WSJ: Possibility remains open for future Apple iTunes price changes

“Apple Computer Inc. said Monday that it has renewed its contracts with major music companies that will allow it to continue offering songs for 99 cents each through its iTunes Music Store… ‘We’ve renewed our agreements with the major music companies, and we’re pleased to continue offering iTunes customers music at 99 cents per song from a library of over three million songs,’ an Apple spokeswoman said,” Nick Wingfield and Ethan Smith report for The Wall Street Journal. “However, people in the music industry familiar with Apple’s deals said the contracts between Apple and the music companies cover wholesale pricing for songs , among other matters, and don’t specify the 99-cent retail price, leaving open the possibility of future price changes.”

Full article (free today) here.

MacDailyNews Take: The possibility remains open that the Sun will burn out in the future, too (the star: a long way off; the company: not so long a wait). If Apple has a wholesale prices contracted and they wish to keep the 99-cent per song price, then they will do so. We wouldn’t mind seeing a $1.29 ($1.49?) per song option for higher bit rates, say 192kbps or, better yet, 256kbps or higher — if the labels would allow that quality to be sold online. Give the option and many will pay extra for the higher quality; just as even dial-up users are proven to choose “high” over “low” when watching streaming video online despite the extra wait.

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Related article:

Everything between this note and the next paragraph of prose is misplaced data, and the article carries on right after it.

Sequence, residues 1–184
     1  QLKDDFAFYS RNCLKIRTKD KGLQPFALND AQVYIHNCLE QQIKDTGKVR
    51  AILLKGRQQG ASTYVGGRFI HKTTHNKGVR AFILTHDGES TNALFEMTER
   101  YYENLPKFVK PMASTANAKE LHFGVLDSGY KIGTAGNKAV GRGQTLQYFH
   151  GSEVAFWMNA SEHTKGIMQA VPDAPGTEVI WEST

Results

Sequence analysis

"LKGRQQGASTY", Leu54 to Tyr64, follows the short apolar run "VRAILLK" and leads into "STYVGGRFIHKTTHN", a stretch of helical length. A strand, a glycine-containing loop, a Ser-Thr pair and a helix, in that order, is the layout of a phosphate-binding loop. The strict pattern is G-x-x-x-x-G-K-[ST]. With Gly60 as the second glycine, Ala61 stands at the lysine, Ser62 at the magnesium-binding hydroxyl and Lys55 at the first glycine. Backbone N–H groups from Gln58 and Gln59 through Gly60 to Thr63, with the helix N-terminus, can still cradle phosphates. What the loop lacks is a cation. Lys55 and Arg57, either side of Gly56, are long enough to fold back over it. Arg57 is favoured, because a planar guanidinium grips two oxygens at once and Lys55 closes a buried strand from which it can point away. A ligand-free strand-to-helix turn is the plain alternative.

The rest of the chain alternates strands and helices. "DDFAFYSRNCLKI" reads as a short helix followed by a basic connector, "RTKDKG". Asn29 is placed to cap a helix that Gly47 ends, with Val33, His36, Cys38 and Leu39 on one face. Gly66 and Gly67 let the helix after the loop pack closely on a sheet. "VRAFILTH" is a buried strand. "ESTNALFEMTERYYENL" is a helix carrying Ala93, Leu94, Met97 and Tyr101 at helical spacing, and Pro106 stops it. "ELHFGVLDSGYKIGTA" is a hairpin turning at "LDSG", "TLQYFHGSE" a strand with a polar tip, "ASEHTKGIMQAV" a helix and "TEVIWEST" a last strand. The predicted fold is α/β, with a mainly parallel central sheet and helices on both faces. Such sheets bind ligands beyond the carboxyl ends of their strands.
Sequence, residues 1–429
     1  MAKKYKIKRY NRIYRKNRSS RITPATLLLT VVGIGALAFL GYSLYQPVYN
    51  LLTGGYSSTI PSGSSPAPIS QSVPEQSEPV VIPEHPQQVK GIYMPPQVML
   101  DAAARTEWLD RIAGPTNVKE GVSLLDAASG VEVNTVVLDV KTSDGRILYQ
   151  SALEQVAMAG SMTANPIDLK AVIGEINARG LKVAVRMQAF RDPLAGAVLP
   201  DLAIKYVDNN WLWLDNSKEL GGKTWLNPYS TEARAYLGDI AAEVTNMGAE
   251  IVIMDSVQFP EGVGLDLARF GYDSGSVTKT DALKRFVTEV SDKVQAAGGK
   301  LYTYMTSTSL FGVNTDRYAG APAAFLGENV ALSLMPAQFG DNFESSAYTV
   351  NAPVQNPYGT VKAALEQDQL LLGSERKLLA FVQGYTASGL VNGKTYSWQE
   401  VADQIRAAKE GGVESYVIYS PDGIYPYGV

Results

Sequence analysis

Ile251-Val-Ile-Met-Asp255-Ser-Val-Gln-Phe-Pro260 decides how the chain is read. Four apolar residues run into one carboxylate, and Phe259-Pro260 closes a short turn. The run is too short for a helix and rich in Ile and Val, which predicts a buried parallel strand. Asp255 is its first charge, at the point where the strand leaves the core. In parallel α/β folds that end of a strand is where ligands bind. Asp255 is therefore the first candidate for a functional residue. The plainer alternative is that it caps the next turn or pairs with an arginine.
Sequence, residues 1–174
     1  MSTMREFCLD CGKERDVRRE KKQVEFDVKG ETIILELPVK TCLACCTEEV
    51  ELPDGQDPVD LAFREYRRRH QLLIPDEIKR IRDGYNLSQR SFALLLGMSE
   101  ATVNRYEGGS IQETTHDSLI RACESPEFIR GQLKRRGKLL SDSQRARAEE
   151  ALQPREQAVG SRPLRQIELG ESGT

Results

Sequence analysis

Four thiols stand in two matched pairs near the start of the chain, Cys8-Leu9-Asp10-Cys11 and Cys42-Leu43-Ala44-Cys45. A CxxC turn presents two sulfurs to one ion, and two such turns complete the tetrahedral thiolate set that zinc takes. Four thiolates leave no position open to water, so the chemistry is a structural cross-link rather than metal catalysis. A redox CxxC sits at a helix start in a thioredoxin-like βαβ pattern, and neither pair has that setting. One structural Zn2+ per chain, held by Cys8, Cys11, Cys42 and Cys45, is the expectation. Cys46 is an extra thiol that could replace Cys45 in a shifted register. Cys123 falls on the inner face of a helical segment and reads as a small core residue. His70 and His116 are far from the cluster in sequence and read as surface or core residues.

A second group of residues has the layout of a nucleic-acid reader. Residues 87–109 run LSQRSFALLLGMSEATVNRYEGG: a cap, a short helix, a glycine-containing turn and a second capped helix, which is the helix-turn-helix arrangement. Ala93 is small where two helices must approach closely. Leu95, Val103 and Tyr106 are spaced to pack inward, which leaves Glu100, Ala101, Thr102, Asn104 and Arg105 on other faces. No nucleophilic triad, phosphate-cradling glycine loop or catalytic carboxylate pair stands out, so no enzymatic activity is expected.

Apple inks deal with big four labels: iTunes Music Store prices stay at 99-cents per song – May 01, 2006


  1. More money for better quality.

    I’m all for that.

    Who’s going to tell the artists to produce better quality? Not The Labels. They could care less about quality. They package any crap along with one decent tune per CD.

    Oh, you mean a different quality.

  2. There’s two kinds of quality. This one is about sound quality. That’s a whole lot easier to solve than the quality of the songs themselves. That’s a whole different problem.

  3. If anything, the pricing direction should be *down*. The music companies are burdened with a near ZERO marginal cost for electronic distribution, beyond the few cents they throw the artist. It’s Apple that bears the capitol investment, marketing and support costs, not to mention risk. The music vendors should consider themselves lucky they’re getting 65%, which is well above the retail norm.

    I also would not support higher pricing for “quality” editions, as that would constitute a “wedge” to higher prices generally. As capitol and communication costs come down the quality should go up on its own without a price increase.

  4. Hey, I know this isn’t the right forum for this, but I figure it’ll get more attention here:

    Has anyone noticed something funny in the “Virus” ad from Apple’s new campaign? If you watch closely, at the point where the PC guy is stating the number of PC viruses (114,000), it seems pretty clear that the number has been changed from what the actor originally said on camera.

    Go watch it. His mouth movements don’t coincide with “114,000”.

    I wonder if the number was adjusted “up” or “down”? I know that I always thought there were more than 114,000 viruses out there for PC’s. Maybe Apple decided to go with a 100% verifiable number, so it’s a little lower than it might be.


  5. Good one, Horn Man! Welcome back!

    And the music execs reply:

    <cue Frank>

    “Don’t make me beg for your kisses,
    Beg for your tender embrace,
    I want your love, not your sympathy,
    Please don’t make a beggar of me.”

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